‘Ek Rishtaa The Bond Of Love’ completes twenty years of its release today. For Suneel Darshan, who wrote, produced and directed it, it remains one of the most special experiences of his life. The filmmaker is a strong believer in family values and has always vouched for the importance of unity and strength in a familial unit. Through this film, which starred Amitabh Bachchan, Rakhee, Akshay Kumar, Karisma Kapoor and Juhi Chawla in principal roles, he tried and succeeded in communicating the same. The film was received warmly by the audience when it released in the year 2001 and has only become more popular with repeated viewings on television, home video and digital platforms.
In this interview, the man who crafted the story and brought it alive on the screen shares some of his most cherished memories attached to it.
‘Ek Rishtaa The Bond Of Love’ has completed two decades of its release. How do you look back at the film?
It’s important to recall certain memories which mean a lot. This film deserves a certain amount or level of remembrance. I am not saying this because it’s my film. It’s a film which has resonated with a large number of people and with families for years. I am aware of the kind of appreciation it has received on television and on digital platforms. This just shows they have not forgotten the film and continue to celebrate the joy and lessons it provided them with. I told this story twenty years back and it is alive even today. I am sure it will remain alive for years to come.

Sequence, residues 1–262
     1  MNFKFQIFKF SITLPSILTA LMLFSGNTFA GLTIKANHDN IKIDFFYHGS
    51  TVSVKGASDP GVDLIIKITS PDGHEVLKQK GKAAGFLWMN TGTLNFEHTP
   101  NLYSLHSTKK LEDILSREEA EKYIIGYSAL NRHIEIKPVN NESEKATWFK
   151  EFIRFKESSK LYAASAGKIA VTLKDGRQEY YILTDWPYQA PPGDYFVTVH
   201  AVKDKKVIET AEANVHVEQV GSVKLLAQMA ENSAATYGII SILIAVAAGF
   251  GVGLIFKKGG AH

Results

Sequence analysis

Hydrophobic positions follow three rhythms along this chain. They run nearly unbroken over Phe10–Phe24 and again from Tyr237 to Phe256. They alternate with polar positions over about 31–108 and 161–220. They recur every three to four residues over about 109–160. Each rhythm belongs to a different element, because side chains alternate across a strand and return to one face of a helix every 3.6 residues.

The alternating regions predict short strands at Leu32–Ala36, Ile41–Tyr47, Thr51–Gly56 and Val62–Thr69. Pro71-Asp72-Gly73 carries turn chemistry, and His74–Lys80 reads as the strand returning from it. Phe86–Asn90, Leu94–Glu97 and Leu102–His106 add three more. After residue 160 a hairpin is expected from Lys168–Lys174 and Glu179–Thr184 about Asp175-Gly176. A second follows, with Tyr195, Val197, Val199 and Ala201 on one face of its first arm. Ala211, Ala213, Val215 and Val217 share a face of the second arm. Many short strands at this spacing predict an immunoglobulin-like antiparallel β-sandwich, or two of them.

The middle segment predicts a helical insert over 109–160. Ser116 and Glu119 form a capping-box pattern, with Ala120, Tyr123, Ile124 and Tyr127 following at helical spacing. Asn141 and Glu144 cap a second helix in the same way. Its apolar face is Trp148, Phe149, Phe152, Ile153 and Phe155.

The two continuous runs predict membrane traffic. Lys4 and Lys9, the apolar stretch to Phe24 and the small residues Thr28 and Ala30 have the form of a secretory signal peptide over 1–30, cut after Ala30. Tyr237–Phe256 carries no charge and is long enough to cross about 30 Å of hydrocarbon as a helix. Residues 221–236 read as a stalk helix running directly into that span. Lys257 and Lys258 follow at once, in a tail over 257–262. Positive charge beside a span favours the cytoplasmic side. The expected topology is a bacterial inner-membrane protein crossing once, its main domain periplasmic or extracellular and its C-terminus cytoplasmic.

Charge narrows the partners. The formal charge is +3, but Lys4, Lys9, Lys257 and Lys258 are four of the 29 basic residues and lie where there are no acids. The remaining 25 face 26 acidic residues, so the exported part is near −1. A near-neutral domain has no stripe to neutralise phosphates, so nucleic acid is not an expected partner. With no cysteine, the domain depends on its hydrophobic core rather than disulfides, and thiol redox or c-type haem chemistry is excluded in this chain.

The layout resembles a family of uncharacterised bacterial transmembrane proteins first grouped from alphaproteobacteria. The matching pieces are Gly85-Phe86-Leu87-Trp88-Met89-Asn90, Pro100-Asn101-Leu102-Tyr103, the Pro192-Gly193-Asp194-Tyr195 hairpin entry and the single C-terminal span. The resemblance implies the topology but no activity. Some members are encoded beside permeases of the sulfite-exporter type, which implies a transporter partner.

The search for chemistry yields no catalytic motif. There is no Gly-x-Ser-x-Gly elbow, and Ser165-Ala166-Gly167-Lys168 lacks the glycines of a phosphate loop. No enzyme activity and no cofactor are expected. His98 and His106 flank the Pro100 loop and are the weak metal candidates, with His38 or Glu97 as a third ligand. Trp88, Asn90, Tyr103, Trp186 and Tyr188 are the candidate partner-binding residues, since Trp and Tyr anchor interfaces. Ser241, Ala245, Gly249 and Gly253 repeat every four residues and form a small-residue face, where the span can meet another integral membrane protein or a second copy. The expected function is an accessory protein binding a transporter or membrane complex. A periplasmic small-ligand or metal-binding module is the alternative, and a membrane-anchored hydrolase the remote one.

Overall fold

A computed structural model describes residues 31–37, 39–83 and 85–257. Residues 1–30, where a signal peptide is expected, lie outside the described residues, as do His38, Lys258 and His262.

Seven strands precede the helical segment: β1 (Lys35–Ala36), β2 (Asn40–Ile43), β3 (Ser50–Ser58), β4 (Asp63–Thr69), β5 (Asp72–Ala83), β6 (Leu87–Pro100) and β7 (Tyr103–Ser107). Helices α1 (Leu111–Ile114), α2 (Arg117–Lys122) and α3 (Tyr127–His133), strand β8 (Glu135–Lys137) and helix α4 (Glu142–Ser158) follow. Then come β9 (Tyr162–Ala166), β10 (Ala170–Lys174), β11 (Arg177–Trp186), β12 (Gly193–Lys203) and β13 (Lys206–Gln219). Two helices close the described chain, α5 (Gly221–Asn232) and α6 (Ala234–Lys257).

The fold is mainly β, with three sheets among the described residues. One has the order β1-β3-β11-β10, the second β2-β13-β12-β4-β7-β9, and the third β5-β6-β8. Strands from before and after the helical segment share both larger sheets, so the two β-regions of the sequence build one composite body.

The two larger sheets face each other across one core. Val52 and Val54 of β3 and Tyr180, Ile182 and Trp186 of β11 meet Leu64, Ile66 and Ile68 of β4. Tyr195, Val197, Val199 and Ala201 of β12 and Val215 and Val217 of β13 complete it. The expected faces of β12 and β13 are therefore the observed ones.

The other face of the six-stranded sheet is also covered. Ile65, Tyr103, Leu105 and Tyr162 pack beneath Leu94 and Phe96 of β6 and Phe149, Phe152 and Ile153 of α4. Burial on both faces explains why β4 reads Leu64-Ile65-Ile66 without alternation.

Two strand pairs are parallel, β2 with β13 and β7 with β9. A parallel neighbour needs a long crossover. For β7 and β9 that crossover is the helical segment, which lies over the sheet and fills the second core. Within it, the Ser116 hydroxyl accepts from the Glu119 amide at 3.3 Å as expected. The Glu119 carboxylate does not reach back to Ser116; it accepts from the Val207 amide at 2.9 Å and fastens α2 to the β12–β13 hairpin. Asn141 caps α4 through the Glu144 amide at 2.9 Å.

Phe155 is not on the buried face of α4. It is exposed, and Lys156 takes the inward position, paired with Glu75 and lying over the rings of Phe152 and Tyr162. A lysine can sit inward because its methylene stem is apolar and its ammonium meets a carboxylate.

Personally, you were very close to your parents and have often, in interviews and elsewhere, have spoken about the bond you shared with them and the void that is there in your heart because of them not being around today. Being an emotional person and somebody who values relationships must have helped you tell a story of this nature.
I always say I am a part of my parents and they will always remain a part of me. Life and its varied experiences will never be complete without the participation of those who have touched you emotionally.
The film released twenty years back. Do you think it is still relevant?
It will always remain a relevant film. The film will remain relevant till the time there is a father and a son. The story will continue to resonate till the time there is an element of hope and positivity to keep families together.
Why do you think there is a dearth of films which talk about family values?
Earlier, the decisions regarding what kind of stories should be told were taken by filmmakers. Then, stars came into the picture and started dictating what should be made. Then, corporates took over. After that, westernisation of our culture had its own effects. These things collectively tried to take away the kind of value system our cinema often spoke about. However, I must say they did not succeed in taking it away. I will continue making such films. Even Sooraj Barjatya has continued making such films successfully. There were others who were making these kinds of films and have stopped believing in that kind of cinema now. That is very unfortunate. I may have gone astray for a while but I never forgot my mission. My aim as a filmmaker has always been to spread positivity. I will continue doing that with the films I produce in the future.
Reportedly, Akshay Kumar had tears in his eyes when you narrated the script to him.